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As part of the New Deal, President Franklin Roosevelt greatly expanded the National Park Service and its mission to include history and culture as well as nature and re-organized it for an expanded role in preserving our national treasures. The National Park Service’s history has a chapter dedicated to FDR’s National Park vision and legacy:
FDR expanded the National Park Service mission in 1933 to include not only parks and monuments but also national cemeteries, national memorials, and national military parks.
The reorganization paved the way for inclusion of historic sites such as the Vanderbilt Mansion and FDR’s own home, which he made part of the national park system in 1939 and 1943.
FDR was responsible for adding over one-quarter of the 411 areas in today’s National Park Service system.
By 1934, the states of Tennessee and North Carolina had transferred deeds for 300,000 acres to the federal government to create the Great Smoky Mountains National Park, and on September 2, 1940, Franklin D. Roosevelt dedicated the Great Smoky Mountains National Park “for the permanent enjoyment of the people.”
Why This Matters: You might not guess it, but the most visited National Park in the U.S. is the Great Smoky Mountains National Park dedicated by FDR, which drew more than eleven million visitors in 2017 — nearly twice the number of the second most popular one, the Grand Canyon National Park. And thanks to FDR, our notion of what we should preserve as parks has forever shifted to include sites like Stonewall National Monument, commemorating the place where the struggle for LGBTQ rights began, and Martin Luther King National Historical Park to commemorate his birthplace and his role in the Civil Rights movement.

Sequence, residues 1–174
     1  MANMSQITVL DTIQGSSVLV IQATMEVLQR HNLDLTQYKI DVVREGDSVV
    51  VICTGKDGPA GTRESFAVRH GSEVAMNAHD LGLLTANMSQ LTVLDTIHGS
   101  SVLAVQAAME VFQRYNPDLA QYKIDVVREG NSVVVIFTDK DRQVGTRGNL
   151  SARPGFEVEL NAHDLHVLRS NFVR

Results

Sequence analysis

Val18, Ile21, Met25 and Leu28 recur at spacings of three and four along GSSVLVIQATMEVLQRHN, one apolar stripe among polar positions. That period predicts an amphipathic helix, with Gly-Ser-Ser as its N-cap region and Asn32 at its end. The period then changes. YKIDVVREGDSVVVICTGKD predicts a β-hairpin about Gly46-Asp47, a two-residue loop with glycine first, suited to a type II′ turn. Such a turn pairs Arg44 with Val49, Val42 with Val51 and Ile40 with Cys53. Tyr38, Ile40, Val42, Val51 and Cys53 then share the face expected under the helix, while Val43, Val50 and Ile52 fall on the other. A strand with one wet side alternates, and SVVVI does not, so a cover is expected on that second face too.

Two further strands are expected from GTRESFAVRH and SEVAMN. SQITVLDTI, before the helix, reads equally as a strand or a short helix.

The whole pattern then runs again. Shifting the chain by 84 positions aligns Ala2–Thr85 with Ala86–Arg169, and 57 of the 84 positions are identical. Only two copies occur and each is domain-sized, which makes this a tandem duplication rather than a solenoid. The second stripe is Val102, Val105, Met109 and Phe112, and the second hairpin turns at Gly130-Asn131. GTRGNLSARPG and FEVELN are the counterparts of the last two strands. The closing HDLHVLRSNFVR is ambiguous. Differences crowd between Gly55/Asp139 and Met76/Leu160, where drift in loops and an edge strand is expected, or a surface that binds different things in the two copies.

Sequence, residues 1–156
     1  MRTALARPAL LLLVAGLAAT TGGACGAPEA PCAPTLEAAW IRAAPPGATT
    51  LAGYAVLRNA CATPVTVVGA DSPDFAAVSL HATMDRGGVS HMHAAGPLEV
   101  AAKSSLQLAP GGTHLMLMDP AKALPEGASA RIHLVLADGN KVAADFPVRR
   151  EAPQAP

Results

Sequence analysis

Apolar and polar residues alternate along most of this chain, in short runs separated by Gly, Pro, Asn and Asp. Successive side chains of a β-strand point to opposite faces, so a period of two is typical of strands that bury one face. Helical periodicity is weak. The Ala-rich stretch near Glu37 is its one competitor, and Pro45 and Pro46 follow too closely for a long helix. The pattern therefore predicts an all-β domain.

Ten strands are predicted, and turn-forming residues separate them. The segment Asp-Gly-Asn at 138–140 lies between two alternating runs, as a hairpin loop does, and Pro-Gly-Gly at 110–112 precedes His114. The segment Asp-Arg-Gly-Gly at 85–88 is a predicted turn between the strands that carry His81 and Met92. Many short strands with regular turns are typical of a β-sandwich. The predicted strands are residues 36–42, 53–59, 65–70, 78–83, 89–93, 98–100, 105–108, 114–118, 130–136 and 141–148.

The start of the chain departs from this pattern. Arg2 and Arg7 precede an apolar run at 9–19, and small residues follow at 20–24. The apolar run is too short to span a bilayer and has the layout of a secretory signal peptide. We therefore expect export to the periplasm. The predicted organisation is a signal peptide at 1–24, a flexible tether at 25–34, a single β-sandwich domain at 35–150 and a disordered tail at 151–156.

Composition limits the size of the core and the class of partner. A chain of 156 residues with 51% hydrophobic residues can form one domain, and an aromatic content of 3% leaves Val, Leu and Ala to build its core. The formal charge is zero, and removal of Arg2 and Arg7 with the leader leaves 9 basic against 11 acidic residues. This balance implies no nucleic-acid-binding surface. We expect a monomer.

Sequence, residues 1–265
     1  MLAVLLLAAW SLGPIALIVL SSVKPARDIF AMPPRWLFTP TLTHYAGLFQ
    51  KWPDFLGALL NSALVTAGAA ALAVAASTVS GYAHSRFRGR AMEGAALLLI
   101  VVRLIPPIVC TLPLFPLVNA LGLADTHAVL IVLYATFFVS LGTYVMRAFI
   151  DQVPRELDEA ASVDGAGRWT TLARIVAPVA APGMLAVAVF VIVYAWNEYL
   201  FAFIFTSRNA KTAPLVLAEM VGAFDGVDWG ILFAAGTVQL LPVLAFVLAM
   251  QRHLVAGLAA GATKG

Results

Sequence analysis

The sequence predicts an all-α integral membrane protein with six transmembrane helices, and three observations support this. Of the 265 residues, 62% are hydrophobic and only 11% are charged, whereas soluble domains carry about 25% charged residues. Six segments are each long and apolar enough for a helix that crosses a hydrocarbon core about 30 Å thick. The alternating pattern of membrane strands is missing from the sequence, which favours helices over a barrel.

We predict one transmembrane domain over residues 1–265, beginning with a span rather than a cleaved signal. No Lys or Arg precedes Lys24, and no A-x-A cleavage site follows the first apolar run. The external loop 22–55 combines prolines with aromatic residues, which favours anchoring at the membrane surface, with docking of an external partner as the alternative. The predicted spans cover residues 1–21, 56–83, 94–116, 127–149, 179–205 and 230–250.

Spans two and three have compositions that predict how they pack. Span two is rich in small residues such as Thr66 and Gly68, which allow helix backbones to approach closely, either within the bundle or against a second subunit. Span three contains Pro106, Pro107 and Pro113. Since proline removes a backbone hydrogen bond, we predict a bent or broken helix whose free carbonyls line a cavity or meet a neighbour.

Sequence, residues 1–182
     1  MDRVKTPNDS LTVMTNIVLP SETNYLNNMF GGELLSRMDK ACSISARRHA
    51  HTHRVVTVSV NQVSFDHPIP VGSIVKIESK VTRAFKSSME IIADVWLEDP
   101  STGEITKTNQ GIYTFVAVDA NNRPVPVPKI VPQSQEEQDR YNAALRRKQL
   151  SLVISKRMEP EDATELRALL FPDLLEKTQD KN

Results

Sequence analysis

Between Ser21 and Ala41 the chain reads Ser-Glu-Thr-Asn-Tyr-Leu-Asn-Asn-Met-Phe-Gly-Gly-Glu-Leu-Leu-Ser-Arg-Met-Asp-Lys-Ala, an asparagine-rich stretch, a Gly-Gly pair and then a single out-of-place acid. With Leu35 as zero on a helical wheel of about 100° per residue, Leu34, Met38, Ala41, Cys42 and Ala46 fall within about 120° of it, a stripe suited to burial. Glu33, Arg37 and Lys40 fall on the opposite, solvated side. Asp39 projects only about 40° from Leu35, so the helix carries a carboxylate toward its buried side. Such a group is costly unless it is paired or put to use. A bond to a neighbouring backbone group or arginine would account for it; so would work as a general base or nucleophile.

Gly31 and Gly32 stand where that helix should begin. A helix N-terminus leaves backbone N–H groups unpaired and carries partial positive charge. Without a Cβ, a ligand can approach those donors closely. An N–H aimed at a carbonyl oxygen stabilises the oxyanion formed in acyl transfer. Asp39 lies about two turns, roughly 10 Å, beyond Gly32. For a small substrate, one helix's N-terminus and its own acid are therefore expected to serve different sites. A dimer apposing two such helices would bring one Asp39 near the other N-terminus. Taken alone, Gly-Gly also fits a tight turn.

Climate change is having long-term effects on the marriage prospects of farmers in Andhra Pradesh, India,The Conversation reported today. As part of a larger project running from 2018 to 2021, the researchers interviewing over 1000 farmers to learn about the “increasing vulnerability of agriculture” in the region. What they found was, in their own words, “unexpected.”
Why This Matters: As the researchers note in their study, “the focus on climate change hitherto has mostly focused on the impacts on the natural environment.”
by Julia Fine, ODP Contributing Writer As Arun Gupta and Michelle Fawcett reported last week, coronavirus is “exploding” in populations of farmworkers across America. In their report, they noted that on a single farm in Tennessee, all 200 workers tested positive for the disease while in Immokalee, Florida, results indicated that over 1,000 migrant workers […]
by Julia Pyper, host/producer, Political Climate podcast, Contributing Editor at Greentech Media The urgency of reaching net-zero emissions by 2050 hasn’t dwindled amid the ongoing coronavirus pandemic. But renewed calls to address long-standing racial injustices further underscore that climate solutions can no longer function in a silo. House Democrats’ new “Congressional Action Plan for […]
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